Recent higher investment in education in Asia and emerging countries can help to nurture more talent to cover the shortfall in other regions. Moreover, it is proven that international mobility leads to the development of talent, creative minds and international networks needed to tackle the challenges of global markets. Countries and companies should always invest in fostering the international mobility of their talent and focus on creating a culture of diversity within their organisations.
BI: WEF Global Risks Report says migration is the biggest risk for 2016 – but is this a prime opportunity for some countries that have ageing populations (like Germany) to build a new workforce?
AD: The migration debate needs to move from emotions to solutions.
The GTCI 2015-16 underlines that metrics such as those in the report can help to bring back the debate to economic and social impact, and quantify the predicable impact of various possible scenarios.
Each country has a different situation. We need to be very careful in making judgment on opening borders and adopting immigration policies, as these are areas where political and emotional elements feature prominently.
But governments need to base their immigration policies starting from the objective evaluation of elements such as demographics, ageing trends and birth rates, skill shortages and business needs.
In fact, countries ranking high in the GTCI, such as Switzerland, Singapore, Luxembourg, the UK, the USA and Australia happen to be open economies with a long tradition of steered skilled immigration. A talent perspective can help governments, businesses and public opinion evaluate the issue, but it is important for all countries and organisations to be able to source the best talent from abroad.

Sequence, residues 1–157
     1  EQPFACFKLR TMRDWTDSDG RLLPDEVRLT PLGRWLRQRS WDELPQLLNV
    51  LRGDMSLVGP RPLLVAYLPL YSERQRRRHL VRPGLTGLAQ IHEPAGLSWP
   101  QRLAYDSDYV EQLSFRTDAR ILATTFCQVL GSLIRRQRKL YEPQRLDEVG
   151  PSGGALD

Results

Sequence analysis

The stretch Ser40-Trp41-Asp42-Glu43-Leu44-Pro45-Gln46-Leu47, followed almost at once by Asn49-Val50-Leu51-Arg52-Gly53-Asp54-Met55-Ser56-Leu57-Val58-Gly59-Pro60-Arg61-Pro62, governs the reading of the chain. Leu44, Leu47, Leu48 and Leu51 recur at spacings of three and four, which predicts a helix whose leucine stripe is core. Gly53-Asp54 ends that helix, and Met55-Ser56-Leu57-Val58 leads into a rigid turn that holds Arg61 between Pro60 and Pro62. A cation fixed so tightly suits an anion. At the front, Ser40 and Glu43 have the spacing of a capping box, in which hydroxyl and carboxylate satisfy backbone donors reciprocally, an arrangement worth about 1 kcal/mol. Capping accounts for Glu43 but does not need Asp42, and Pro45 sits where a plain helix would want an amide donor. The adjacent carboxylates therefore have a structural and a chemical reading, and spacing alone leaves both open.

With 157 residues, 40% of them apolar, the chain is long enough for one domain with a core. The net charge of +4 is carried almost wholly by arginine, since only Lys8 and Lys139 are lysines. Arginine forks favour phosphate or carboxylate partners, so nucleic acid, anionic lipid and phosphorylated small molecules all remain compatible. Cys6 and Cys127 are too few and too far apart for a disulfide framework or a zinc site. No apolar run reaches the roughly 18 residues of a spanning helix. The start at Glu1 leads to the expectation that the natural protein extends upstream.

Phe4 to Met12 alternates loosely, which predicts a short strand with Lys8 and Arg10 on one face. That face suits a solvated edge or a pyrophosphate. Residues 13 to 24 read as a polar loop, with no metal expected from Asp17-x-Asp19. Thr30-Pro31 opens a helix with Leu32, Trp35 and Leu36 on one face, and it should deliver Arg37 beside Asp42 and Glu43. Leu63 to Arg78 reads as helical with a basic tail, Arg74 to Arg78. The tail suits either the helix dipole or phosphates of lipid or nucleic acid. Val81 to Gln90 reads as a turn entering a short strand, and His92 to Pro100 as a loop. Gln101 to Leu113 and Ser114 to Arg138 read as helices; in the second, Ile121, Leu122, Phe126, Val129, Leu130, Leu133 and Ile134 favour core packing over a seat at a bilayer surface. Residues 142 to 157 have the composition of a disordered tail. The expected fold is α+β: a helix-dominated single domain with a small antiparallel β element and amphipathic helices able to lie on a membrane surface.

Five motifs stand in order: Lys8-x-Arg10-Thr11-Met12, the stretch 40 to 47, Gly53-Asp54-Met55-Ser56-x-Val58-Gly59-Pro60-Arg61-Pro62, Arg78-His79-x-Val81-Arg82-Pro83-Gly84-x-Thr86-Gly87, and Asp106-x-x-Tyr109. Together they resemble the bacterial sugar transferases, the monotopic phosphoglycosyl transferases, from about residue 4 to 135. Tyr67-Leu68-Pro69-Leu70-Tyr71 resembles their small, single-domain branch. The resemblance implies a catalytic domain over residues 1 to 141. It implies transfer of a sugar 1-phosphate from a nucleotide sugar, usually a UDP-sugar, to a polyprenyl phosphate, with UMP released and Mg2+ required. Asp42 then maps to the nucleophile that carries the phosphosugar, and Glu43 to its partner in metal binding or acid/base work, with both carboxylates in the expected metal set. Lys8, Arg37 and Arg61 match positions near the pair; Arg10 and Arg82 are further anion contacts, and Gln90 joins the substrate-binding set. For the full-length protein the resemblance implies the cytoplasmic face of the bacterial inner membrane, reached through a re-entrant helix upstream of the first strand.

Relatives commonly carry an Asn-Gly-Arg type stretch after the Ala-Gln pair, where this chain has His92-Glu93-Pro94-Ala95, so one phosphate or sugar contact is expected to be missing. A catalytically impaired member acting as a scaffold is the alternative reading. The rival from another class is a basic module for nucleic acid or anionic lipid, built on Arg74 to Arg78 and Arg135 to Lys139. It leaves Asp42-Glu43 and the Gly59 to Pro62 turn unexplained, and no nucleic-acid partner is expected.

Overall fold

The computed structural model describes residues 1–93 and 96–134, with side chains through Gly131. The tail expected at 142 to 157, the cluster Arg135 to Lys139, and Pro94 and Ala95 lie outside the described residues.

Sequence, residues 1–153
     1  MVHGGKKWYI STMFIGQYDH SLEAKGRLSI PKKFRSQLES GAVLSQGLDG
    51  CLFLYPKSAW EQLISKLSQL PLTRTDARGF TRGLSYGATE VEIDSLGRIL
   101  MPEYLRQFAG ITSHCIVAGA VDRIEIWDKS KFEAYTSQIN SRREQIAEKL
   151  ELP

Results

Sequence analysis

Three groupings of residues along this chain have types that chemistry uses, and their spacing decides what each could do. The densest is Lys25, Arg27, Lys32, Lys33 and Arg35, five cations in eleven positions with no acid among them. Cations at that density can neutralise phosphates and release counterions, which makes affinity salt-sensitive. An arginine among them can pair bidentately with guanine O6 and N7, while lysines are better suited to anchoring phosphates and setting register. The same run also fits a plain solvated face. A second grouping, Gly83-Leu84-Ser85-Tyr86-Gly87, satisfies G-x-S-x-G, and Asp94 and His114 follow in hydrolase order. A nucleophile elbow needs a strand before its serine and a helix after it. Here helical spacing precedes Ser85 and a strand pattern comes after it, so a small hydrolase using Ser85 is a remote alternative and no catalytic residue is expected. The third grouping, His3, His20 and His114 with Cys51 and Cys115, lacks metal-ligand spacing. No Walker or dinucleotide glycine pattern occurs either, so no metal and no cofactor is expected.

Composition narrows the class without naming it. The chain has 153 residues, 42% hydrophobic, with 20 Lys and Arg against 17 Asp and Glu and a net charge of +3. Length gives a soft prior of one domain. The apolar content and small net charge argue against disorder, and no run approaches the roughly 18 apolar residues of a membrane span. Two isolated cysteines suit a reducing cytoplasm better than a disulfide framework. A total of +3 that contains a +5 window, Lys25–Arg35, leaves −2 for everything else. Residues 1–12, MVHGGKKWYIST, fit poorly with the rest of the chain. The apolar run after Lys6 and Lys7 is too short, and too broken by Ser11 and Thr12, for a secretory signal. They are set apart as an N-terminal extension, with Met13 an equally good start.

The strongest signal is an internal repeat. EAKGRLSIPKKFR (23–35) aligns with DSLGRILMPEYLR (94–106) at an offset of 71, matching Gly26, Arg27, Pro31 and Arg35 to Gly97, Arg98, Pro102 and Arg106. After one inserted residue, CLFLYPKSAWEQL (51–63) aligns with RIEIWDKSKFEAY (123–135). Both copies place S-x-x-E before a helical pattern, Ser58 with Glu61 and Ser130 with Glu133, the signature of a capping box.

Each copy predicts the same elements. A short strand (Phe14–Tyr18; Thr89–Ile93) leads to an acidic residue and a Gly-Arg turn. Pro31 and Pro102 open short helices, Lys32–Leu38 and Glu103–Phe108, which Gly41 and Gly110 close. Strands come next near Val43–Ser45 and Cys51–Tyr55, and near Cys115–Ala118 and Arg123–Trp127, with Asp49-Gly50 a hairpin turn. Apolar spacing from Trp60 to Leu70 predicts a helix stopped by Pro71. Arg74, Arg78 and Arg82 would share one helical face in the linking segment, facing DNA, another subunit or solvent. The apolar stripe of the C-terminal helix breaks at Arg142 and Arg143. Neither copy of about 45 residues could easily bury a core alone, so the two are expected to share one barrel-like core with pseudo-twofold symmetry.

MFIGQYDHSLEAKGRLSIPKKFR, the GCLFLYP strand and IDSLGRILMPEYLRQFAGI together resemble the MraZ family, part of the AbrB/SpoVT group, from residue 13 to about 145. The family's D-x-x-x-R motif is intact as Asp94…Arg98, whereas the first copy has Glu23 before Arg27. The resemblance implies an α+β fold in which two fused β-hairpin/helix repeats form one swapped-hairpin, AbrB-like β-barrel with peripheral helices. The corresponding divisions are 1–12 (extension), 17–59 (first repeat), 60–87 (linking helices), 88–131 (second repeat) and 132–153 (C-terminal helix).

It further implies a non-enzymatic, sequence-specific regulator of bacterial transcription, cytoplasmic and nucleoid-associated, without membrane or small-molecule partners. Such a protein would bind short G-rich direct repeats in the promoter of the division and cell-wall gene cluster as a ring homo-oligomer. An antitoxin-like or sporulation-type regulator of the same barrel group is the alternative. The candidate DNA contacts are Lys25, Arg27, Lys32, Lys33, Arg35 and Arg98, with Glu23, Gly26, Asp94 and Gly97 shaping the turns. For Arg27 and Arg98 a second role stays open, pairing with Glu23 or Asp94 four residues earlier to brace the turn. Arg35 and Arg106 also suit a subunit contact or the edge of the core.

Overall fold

BI: What does the CEO or business leader in “The Fourth Industrial Revolution” look like, in other words, what skills have they got today compared to those from the 1980s/1990s?
AD: Global organisations, dispersed workforces and the different nature of work, thanks to the opportunities created by hyper connectivity, lead to a shift from hierarchical to network organisations.
In this scenario, authority, control and formalism leave room for more informal and collaborative styles and a higher level of autonomy to teams.
Also, as business players in the 21st century, we know that today a crucial factor to survive and succeed in any industry is to have a ‘Purpose’. A purpose relevant for all key stakeholders starting with our clients, employees and the communities where we operate.
The leader of today has to live and breathe the company’s purpose to represent, engage and inspire his people.
BI: Is there a region or country or sector that others can learn from in order to harness talent in the right way?
AD: Countries ranking at the top of the Global Talent Competitiveness Index represent the best practices in attracting, developing, and retaining talent.
The recurrent traits of these countries include outstanding education systems, with high investment in technologies and knowledge hubs, which drive high level innovation and the development of global knowledge skills. This is the case of Switzerland (rank 1), Singapore (2), the USA (4) and the UK (7), but also the Netherlands (12) and Australia (13).
By leading innovation, these countries are also among the best at capitalising on the opportunities given by technological advances.
In the best ranking countries, excellent formal education is often complemented by consolidated vocational training systems to ensure the workforce gains the employable skills needed by business.
This is the case of Switzerland, Germany (14) and Austria (15), among others.
Top ranking countries also stand out for their high degree of openness in terms of trade, investment and people – countries which have long had favourable immigration policies like Switzerland, Singapore, Luxembourg (3), the USA, Canada (9) and Australia (13). Mobility, in fact, is key for both talent and economic development.
Countries which favour openness and the mobility of skilled talent secure the development of more diverse and culturally rich work environments, a higher level of innovation as well as entrepreneurship and wider international networks.